In some embodiments, it may be desirable to select vertical points, such as found at building edges, cliffs, etc., separate from the discriminant point selection so that these features are clearly delineated in the final DEM. For instance, this may be particularly advantageous for cities with tall buildings, or for mountainous regions (e.g., the Rocky Mountains) where there are many cliff features—this is the natural parallel to high-rise conditions in an urban setting. By way of example, vertical points can be found in a single pass using a local slope operator (at Block 33′), as will be appreciated by those skilled in the art. This may be done prior to discriminant point selection so that the vertical points are removed from consideration during the discriminant point selection processing. The selected discriminant points and selected vertical points (if any) are advantageously used to generate geospatial model, such as a T-TIN DEM, which is a thinned set of the original geospatial data points (Block 39′).

One advantageous approach for performing the bilinear weighting processing is now described with reference to FIG. 7. Given the regular nature of the geospatial data points, and the search pattern at each iteration k to k+1, a relatively efficient method of re-computing weights used to compute the discriminant value at k+1 is as follows. For a column including rows k to k+1, k+1 to k+2, . . . , ΔWtA and ΔWtB remain constant for the column. Moreover, between columns, incrementing and decrementing is performed by a column increment ci such that ΔWtA=ΔWtA+ΔWtci and ΔWtB=ΔWtB−ΔWtci, as shown. With this approach, normalized weights are updated by a simple increment, which reduces the number of operations to four multiply operations and four addition operations as the method proceeds post to post. This compares to sixteen multiply operations and twenty-four addition operations for the traditional approach to interpolation.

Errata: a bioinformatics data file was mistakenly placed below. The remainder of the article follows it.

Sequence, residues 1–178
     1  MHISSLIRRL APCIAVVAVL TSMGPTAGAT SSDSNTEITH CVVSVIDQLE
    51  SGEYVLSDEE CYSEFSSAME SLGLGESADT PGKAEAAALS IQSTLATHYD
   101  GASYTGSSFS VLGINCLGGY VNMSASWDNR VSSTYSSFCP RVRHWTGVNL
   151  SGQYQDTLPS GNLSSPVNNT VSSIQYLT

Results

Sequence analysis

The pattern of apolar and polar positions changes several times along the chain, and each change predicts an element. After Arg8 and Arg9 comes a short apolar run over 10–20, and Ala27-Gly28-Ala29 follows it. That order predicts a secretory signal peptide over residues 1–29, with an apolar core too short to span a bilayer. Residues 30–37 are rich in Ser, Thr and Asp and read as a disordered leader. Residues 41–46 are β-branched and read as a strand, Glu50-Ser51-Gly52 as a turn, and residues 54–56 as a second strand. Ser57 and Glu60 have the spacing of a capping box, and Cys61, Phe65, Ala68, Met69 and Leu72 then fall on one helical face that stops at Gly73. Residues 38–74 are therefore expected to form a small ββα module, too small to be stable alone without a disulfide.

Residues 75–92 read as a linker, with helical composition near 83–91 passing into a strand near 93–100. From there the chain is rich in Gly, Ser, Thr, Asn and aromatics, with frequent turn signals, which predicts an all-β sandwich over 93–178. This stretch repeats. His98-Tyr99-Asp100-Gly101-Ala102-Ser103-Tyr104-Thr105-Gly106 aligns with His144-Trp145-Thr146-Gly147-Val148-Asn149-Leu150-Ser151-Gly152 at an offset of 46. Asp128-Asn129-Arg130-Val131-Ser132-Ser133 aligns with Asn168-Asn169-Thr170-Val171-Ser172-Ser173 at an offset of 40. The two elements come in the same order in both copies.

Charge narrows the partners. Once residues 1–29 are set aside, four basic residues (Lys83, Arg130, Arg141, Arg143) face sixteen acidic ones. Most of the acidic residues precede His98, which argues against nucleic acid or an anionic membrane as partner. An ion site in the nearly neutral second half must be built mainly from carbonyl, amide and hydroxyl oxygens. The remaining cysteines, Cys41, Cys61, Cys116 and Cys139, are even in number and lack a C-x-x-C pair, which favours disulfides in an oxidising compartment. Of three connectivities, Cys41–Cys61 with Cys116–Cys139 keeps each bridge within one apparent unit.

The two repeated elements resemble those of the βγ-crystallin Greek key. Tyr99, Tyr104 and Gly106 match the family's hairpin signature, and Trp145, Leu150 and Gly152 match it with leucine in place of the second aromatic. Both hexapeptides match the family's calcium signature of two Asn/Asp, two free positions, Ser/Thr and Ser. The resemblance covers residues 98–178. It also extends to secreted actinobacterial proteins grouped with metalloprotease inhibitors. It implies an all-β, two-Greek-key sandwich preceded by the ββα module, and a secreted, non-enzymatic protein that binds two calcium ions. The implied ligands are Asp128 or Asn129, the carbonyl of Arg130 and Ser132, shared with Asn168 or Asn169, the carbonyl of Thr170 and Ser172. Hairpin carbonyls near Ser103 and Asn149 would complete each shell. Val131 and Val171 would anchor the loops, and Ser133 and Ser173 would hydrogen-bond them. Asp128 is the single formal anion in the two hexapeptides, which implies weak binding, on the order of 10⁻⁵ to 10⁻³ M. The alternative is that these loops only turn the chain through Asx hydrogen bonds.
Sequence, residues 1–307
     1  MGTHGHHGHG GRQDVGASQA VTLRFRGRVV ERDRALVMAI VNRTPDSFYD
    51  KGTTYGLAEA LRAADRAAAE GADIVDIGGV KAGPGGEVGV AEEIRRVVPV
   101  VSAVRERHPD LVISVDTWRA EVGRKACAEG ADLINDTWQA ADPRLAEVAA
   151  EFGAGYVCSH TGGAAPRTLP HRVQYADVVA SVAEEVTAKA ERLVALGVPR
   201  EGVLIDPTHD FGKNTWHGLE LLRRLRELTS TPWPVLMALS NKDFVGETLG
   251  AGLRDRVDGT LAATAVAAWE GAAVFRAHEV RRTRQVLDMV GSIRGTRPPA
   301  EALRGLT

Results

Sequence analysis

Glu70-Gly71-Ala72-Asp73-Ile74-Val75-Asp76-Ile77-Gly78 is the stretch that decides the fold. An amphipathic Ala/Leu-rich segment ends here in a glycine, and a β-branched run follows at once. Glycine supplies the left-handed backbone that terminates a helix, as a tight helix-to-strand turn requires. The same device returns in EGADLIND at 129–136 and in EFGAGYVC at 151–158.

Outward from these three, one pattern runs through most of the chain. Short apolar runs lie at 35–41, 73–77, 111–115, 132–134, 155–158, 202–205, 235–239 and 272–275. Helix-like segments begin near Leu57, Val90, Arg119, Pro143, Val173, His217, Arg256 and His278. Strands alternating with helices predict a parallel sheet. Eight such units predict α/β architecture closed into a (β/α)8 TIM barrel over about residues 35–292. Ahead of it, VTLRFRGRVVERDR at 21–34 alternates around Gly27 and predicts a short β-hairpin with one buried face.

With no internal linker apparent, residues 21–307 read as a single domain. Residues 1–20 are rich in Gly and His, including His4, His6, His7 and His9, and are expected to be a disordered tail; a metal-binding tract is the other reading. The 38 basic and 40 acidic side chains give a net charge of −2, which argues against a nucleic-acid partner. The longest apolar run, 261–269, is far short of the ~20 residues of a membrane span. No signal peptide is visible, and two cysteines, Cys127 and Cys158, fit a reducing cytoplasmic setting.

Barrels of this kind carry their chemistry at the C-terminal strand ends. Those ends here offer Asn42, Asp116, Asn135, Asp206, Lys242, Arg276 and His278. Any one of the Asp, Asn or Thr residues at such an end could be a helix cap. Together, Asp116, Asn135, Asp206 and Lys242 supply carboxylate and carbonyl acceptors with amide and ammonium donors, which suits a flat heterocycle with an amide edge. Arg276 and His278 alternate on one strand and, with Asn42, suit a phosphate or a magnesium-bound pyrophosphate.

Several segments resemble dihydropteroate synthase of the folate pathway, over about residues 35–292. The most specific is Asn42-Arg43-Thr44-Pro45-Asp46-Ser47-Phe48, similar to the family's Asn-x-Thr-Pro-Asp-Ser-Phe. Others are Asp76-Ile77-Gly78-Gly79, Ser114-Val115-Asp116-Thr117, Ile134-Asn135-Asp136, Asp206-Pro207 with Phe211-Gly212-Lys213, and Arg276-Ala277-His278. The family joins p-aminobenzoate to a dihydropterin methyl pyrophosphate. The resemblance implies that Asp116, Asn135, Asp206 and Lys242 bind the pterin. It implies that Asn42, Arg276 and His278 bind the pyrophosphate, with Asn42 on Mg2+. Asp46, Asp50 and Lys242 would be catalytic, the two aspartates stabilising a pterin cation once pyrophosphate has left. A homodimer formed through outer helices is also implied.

Turning to FIGS. 8A, 8B, 9A and 9B, DEMs 70 a and 70 b (which are the same T-TIN DEM shown with and without filled triangular regions) created using a five meter decimation data thinning process in accordance with the prior art, versus DEMs 80 a and 80 b (which again are the same T-TIN DEM shown with and without filled triangular regions) created in accordance with the above-described method of the invention are shown. As can be seen, the prior art decimation approach used for the DEMS 70 a, 70 b results in rounded building edges and the loss of a significant amount of contour data. On the other hand, the DEMs 80 a and 80 b provide a much more realistic view of the original scene with desired edge point and contour data preservation, but with a comparable number of points to the decimation-thinned DEMs 70 a and 70 b. The DEM in 70 a represents a 96% reduction (174,834 of 3,446,835 original HRDEM points) through simple decimation. The prescribed method reduced points by 95.2% (or 165448 points). In general reductions of 90-95% have been observed.

Many modifications and other embodiments of the invention will come to the mind of one skilled in the art having the benefit of the teachings presented in the foregoing descriptions and the associated drawings. Therefore, it is understood that the invention is not to be limited to the specific embodiments disclosed, and that modifications and embodiments are intended to be included within the scope of the appended claims.

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Classifications
U.S. Classification703/2, 706/13, 382/174, 702/5, 382/154, 700/66, 706/46
International ClassificationG06N5/02, G06F17/50
Cooperative ClassificationG01V11/00, G06T17/05, G06T17/20
European ClassificationG06T17/05, G06T17/20, G01V11/00
Legal Events
DateCodeEventDescription
Apr 24, 2007ASAssignment
Owner name: HARRIS CORPORATION, FLORIDA
Free format text: ASSIGNMENT OF ASSIGNORS INTEREST;ASSIGNORS:MILLER, STEPHAN WALKER;YATES, J. HARLAN;CONNETTI, STEPHEN;AND OTHERS;REEL/FRAME:019202/0435
Effective date: 20070419
Feb 17, 2014FPAYFee payment
Year of fee payment: 4